Finding your dream home isn’t easy, and maybe it doesn’t exist yet, so building a home on a vacant piece of land may be the perfect option. Be aware that a land purchase may yield more
surprises than buying a home, so don’t stake your claim until you know the potential pitfalls.
Location, Location, Location
Location is more important than just the side of town you want to live on and is the single most important consideration when buying a lot.
If the property you are considering is in a subdivision, where is it situated? Do you have a nice
view or are you right next to a highway or major thoroughfare?
If you have children, or plan to have children, which school district will you be in and how do
they compare to the others in the area?
What is nearby? Depending on the stage of your life you may need different community
amenities. For instance, if you are retired you may need to be closer to medical services,
recreational facilities, or fitness centers.
Picture Your Neighborhood in 10 years
Sometimes home buyers fall in love with certain aspects of a property, that they fail to ask the
larger questions. For instance, whether or not there are plans to expand the neighborhood
resulting in a highway in your backyard.
When new developments emerge and properties are selling quickly, sometimes early buyers
can’t quite see how things will end up. The beautiful farm land that you can see on your back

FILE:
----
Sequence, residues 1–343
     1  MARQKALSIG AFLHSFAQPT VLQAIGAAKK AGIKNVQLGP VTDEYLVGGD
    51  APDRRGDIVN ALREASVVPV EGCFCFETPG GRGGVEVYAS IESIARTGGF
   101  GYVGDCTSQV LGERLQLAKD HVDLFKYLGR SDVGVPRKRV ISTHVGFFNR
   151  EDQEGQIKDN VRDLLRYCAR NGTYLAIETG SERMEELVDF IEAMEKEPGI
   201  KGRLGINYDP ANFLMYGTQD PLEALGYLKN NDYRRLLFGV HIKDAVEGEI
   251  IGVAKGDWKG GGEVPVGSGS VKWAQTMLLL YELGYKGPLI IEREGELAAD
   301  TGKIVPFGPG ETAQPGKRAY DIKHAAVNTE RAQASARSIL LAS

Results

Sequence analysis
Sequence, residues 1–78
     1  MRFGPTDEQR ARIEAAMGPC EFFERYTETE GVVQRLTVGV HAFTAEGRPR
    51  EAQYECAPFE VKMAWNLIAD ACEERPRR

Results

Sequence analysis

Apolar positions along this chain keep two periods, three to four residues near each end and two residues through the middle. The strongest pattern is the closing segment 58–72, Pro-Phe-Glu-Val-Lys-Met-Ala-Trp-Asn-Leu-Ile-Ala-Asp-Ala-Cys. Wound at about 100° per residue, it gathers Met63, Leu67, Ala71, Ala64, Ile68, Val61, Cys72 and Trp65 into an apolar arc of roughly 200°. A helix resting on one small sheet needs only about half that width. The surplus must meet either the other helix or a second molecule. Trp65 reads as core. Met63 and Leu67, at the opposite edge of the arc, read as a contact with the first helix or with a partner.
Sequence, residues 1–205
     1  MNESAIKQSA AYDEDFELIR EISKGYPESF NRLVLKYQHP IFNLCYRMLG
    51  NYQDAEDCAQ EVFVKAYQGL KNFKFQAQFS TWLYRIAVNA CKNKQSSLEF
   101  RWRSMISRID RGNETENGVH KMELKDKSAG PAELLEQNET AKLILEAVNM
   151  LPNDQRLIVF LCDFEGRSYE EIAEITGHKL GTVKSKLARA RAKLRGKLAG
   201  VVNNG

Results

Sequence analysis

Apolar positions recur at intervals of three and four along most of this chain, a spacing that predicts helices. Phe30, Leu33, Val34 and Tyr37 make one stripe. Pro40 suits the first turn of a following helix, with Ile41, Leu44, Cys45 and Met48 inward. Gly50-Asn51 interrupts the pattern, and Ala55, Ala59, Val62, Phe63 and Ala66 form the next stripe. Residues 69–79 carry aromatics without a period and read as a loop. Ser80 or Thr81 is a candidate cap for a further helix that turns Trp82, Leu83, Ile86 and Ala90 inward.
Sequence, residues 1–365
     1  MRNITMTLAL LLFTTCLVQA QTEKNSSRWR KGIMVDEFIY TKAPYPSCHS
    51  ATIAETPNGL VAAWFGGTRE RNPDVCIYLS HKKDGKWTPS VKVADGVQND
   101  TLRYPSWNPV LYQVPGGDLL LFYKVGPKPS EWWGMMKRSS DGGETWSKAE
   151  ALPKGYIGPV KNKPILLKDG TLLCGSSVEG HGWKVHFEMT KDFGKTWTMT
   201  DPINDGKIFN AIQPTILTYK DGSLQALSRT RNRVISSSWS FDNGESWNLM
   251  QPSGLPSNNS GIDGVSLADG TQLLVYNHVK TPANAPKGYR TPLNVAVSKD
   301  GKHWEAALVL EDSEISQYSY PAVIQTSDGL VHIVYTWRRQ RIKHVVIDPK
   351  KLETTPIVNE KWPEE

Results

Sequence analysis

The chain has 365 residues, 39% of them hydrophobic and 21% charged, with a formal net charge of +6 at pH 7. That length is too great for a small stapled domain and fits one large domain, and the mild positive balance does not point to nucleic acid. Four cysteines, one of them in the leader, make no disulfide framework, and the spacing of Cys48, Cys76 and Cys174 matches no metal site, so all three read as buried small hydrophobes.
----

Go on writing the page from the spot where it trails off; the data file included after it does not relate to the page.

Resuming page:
porch, might end up as a strip mall in a few years, and if it does, will you be alright with that?
Know the Setback of Your Property
In land use, a setback is the minimum distance which a home can be literally set back from a
road, body of water, flood plain, or any other place which is deemed to need protection. Your
local building department will have the answer to this question, it will dictate where you can and
can not put your house or a detached garage on your property.
Utilities and Their Cost
Find out exactly how you are going to get power and water to your house, and how to handle
waste. You will want to know exactly how you are going to get access to the following:
• Water (utility company or well)
• Waste (septic or sewer)
• Gas (utility company or propane tank)
• Phone and Internet service
If you find a beautiful lot in a remote location for only a few thousand dollars, there is likely a
reason for that. If you are far away from other homes or a utility provider, you may be charged a
large fee to bring the utilities out to the property, by the foot. That can add up to astronomical
rates, depending on your locality.
If you live in a city, you may still have to pay tap fees. Meaning the existing water and sewer
lines are there already, but you still need to hook into them. In Fayetteville, tap fees average
around $10,000 and some are even higher in other places.
Hopefully, these tips will give you a better idea of which questions to ask. So good luck and happy hunting!